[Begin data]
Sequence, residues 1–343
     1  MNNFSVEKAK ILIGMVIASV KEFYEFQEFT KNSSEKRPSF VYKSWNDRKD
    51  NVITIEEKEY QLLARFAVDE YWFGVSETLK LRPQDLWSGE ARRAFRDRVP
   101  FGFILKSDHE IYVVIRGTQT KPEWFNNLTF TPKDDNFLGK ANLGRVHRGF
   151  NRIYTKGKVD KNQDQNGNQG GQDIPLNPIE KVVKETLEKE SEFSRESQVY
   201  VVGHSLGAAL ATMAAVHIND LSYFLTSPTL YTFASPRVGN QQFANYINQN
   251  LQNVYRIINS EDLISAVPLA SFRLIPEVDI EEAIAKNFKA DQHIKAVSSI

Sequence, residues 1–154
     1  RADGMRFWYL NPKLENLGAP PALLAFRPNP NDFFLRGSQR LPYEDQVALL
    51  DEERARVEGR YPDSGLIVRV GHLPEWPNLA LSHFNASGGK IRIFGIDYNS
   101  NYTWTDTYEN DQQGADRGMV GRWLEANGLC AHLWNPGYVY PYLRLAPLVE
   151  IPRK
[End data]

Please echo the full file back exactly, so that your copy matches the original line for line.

Sequence, residues 1–343
     1  MNNFSVEKAK ILIGMVIASV KEFYEFQEFT KNSSEKRPSF VYKSWNDRKD
    51  NVITIEEKEY QLLARFAVDE YWFGVSETLK LRPQDLWSGE ARRAFRDRVP
   101  FGFILKSDHE IYVVIRGTQT KPEWFNNLTF TPKDDNFLGK ANLGRVHRGF
   151  NRIYTKGKVD KNQDQNGNQG GQDIPLNPIE KVVKETLEKE SEFSRESQVY
   201  VVGHSLGAAL ATMAAVHIND LSYFLTSPTL YTFASPRVGN QQFANYINQN
   251  LQNVYRIINS EDLISAVPLA SFRLIPEVDI EEAIAKNFKA DQHIKAVSSI

Sequence, residues 1–154
     1  RADGMRFWYL NPKLENLGAP PALLAFRPNP NDFFLRGSQR LPYEDQVALL
    51  DEERARVEGR YPDSGLIVRV GHLPEWPNLA LSHFNASGGK IRIFGIDYNS
   101  NYTWTDTYEN DQQGADRGMV GRWLEANGLC AHLWNPGYVY PYLRLAPLVE
   151  IPRK